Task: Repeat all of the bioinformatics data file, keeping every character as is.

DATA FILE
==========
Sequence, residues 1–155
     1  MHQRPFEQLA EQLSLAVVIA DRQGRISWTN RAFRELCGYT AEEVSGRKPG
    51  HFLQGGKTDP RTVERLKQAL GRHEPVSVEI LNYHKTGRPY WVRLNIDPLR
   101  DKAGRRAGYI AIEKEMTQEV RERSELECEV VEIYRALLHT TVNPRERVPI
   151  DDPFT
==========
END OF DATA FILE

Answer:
Sequence, residues 1–155
     1  MHQRPFEQLA EQLSLAVVIA DRQGRISWTN RAFRELCGYT AEEVSGRKPG
    51  HFLQGGKTDP RTVERLKQAL GRHEPVSVEI LNYHKTGRPY WVRLNIDPLR
   101  DKAGRRAGYI AIEKEMTQEV RERSELECEV VEIYRALLHT TVNPRERVPI
   151  DDPFT